DR. WATSON MEREDITH GENTRY
Dr. Gentry was born in Williamson County, Tennessee in 1831. He enlisted in the Confederate States Army
on June 14, 1861, being appointed a surgeon by Govenor Harris of Tenneessee. He was a surgeon with the 17th Tennessee
Cavalry and was given the rank of Major. His first military surgery was performed at Rock Castle where fourteen men
died and numerous others were injured.
Dr. Gentry was paroled on June 21, 1865.
Submitted by Frances Plunkett Harvey, Great niece.
CORPORAL WILLIAM THOMAS GRAY
William Thomas Gray was born on the Fourth of July, 1826 in Caroline County, Virginia. His parents were Thomas Gray
and America Grafton. William was the first born of eleven children. He and his brother, George W. Gray were in
the Civil War together. Not much is known of his childhood, but on April 14, 1851 he married Maria Ellen Beazley, daughter
of Oswald Beazley and Alphia Foster. William Thomas and Maria Ellen Gray had nine children, the first of which was born
in Caroline County, Virginia on August 2, 1853 and all the rest were born in Richmond, Virginia.
William and Maria moved to Richmond in 1854, where they remained the rest of their lives. They owned a home at 520 Randolph
Street, which was located about 3 blocks from where they both remain at rest at Riverview Cemetery.
William Thomas Gray enlisted as a private in the American Civil War on May 13, 1861. He enlisted in the 15th
Infantry Regiment, although the Regiment didnt formally organize until May 17, 1861. The regiment was accepted into
the services of the Confederate States on July 1, 1861. Company D from Henrico County, Virginia rendezvoused at the
old fairgrounds, just west of the city limits, where VCU Campus and Monroe Park are today.
On June 10, 1861 Company D was in their first infantry battle of the Civil War which occurred at Big Bethel, Virginia.
Big Bethel was a quite country church on the Virginia Peninsula surrounded by early American History near Hampton. The
Union held Fort Monroe, located at the southeastern tip of the Peninsula, and was a cause of concern for the Confederate strategists.
On June 6th General Magruder ordered the men from North Carolina forward to occupy Big Bethel. The battle
of Big Bethel was on June 10, 1861. Colonel D. H. Hill ordered his regiment to start work on building breastworks, to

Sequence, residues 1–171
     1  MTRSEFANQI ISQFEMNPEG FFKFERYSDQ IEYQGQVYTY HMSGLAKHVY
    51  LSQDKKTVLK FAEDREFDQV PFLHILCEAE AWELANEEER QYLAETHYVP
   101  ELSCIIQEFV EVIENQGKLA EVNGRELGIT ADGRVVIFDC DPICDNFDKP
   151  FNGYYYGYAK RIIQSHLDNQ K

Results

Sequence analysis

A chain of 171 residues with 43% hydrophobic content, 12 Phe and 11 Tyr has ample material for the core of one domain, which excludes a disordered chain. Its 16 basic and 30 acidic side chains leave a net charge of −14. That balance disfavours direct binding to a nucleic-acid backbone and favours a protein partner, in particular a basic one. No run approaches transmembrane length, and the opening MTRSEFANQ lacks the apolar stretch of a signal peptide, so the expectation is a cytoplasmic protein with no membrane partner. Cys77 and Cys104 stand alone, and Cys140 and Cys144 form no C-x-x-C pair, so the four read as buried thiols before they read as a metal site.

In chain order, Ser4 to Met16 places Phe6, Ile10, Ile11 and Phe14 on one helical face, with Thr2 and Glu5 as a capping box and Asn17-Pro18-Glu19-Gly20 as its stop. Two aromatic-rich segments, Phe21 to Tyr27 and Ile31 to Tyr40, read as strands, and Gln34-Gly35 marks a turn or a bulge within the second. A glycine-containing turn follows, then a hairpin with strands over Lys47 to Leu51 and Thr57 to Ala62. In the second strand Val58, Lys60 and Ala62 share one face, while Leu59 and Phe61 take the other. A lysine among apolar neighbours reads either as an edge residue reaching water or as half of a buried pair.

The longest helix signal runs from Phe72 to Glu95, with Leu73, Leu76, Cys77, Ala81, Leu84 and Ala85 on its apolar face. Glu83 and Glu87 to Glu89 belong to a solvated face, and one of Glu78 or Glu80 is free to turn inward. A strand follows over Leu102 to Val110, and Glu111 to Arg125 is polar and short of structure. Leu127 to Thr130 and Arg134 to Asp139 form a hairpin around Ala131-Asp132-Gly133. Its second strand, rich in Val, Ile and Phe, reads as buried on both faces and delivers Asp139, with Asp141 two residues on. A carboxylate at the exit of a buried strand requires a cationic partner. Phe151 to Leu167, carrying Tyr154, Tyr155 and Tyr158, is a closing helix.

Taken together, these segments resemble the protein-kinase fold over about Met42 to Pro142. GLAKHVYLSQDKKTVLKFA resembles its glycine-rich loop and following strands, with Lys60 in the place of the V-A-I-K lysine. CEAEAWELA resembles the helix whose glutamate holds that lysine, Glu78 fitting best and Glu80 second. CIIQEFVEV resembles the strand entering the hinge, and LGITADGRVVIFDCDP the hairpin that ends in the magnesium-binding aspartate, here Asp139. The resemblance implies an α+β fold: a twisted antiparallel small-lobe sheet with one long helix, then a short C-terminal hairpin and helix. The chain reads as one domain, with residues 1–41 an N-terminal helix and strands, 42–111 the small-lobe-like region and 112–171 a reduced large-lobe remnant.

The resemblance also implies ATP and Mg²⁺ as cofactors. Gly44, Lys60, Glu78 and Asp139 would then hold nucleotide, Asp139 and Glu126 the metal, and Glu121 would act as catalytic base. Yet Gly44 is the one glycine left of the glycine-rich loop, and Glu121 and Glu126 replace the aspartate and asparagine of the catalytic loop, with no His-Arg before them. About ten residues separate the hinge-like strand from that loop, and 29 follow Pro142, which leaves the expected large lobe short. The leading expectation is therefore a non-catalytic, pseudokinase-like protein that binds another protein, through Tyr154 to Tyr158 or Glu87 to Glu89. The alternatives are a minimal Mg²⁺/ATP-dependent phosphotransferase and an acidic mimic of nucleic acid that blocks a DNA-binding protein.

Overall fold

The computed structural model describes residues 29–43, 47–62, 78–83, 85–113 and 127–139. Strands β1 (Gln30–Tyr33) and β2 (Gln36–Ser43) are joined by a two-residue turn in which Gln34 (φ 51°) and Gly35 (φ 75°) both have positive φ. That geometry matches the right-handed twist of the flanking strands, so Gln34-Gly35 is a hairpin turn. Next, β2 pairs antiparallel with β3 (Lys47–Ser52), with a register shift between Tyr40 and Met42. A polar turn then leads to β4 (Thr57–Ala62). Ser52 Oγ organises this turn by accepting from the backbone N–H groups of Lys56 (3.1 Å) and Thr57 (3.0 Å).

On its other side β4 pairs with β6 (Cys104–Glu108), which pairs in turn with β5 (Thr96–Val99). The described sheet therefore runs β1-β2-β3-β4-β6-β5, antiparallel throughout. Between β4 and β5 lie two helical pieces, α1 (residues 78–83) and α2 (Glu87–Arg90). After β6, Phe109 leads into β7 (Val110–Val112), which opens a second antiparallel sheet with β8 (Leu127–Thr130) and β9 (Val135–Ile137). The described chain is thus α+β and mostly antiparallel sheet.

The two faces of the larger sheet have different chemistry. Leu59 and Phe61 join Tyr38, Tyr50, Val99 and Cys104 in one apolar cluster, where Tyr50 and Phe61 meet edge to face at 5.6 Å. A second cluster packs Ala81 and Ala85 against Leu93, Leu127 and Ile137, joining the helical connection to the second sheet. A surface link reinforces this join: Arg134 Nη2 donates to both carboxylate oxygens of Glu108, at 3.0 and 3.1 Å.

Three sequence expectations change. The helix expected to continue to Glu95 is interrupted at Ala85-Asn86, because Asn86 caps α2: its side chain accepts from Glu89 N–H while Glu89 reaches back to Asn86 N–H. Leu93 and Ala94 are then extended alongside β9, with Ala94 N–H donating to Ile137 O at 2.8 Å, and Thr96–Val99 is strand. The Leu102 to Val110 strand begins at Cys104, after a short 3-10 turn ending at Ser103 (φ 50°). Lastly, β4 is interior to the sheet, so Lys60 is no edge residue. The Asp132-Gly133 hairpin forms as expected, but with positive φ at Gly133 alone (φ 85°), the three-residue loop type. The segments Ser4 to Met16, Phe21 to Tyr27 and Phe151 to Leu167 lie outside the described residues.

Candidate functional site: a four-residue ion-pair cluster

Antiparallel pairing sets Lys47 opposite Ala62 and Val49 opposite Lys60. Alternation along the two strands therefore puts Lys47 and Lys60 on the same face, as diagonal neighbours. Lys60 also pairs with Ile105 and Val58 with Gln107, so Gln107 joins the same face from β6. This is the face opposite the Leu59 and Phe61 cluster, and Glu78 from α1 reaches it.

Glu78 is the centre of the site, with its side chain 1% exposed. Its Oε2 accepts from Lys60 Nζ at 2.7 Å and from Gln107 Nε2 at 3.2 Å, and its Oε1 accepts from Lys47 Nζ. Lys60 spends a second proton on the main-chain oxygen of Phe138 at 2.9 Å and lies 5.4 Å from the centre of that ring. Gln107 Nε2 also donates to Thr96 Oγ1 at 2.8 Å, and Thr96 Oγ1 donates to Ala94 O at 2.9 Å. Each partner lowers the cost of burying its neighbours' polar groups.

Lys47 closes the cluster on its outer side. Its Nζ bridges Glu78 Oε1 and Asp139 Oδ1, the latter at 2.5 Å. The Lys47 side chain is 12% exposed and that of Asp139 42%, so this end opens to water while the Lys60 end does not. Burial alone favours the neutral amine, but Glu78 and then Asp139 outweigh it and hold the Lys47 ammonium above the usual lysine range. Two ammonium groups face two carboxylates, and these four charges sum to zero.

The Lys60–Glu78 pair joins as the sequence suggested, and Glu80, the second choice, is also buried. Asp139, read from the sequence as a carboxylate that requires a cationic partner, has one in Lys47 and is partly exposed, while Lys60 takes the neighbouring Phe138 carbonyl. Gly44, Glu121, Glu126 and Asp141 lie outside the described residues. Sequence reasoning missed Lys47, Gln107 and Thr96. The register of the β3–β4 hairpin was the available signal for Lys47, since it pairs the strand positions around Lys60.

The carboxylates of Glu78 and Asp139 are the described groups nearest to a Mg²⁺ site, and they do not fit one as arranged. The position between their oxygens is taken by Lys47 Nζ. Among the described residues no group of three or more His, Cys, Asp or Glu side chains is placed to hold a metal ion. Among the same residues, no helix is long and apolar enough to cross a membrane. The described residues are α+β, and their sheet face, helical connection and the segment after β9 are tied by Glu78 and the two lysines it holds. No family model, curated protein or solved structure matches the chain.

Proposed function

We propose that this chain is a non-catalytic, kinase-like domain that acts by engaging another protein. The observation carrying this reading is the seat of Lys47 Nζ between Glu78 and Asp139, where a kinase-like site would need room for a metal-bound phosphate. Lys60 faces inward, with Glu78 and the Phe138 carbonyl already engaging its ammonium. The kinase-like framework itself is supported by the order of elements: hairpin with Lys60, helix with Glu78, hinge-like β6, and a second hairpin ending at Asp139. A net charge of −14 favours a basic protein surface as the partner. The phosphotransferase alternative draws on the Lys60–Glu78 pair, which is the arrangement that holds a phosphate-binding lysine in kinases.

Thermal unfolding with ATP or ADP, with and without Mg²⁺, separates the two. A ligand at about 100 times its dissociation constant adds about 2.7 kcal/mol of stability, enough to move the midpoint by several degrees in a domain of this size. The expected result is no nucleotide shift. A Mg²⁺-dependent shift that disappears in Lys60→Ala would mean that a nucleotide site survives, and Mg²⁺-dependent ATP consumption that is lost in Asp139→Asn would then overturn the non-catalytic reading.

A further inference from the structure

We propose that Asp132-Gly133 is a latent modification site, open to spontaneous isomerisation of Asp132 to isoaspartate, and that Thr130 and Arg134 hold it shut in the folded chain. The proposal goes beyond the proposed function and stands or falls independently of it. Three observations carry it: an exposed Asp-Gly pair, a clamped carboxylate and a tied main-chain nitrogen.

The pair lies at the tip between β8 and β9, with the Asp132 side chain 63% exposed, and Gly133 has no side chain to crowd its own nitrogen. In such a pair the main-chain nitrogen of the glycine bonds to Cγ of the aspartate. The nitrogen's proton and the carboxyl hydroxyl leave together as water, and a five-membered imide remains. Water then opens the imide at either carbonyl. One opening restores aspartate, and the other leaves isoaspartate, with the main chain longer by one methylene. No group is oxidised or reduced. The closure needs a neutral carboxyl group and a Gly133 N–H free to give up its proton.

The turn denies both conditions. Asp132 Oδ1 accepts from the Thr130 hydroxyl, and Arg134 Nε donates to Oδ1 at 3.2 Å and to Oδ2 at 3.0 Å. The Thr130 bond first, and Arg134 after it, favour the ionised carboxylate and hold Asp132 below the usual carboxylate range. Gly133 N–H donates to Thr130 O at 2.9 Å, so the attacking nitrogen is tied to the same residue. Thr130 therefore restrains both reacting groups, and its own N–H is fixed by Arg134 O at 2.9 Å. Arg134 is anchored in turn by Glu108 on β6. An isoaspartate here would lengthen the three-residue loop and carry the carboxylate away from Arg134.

strengthen a piece of ground that was already well suited for defense. During the battle the Union lost 22 men and the
Confederates lost 11 men.
This was the only battle William Thomas Gray was engaged in. He was in and out of the Baptist, Methodist, and Episcopal
Church and Seminary Hospital from January 7, 1862 until February 28, 1862. On April 28, 1862 he was detailed to Richmond
to work on gunboats at the CS Navy yard until his capture on April 3, 1865, when he was taken as a Prisoner of War at Exeter
Mills, Virginia. After being captured, he arrived at City Point, Virginia (now Hopewell, Virginia) on April 13, 1865
and was then transported to Point Lookout, Maryland, where he stayed until taking the Oath of Allegiance on June 12, 1865.
At the time of his release he was listed as being a resident of Richmond, Virginia with dark complexion, brown hair, blue
eyes and being 6 feet 1-7/8 inches tall. The National Archives records state he was a Corporal when discharged but doesnt
indicate the date he received this rank.
During the war William fathered a daughter in 1863. Being detailed to Richmond to work on the gunboats allowed him to
visit with his wife, who was living in Richmond.
On November 14, 1902, William Thomas Gray applied for a Disability Pension of which he was awarded $30.00 a month. He
continued to receive his pension until his death on October 3, 1909 at the age of 83. His wife, Maria received his pension
until her death on December 28, 1916. William Thomas Gray was buried at Riverview Cemetery, Richmond, Virginia on October
5, 1909, without a headstone. In February 2004, a Confederate head stone was placed on his grave by his great grandson,
John Alexander Gray, Jr. and other descendants.
Jacqueline Dunkley Gray
Daughters of the Confederacy
Richard Beverly Jamison
Richard Beverly Jamison, was known as Beverly. He was born around 1836
to Daniel and Matilda Jimerson. He was a farmer. He was born in and lived in Buckingham, Virginia with his wife Virginia-Jennie.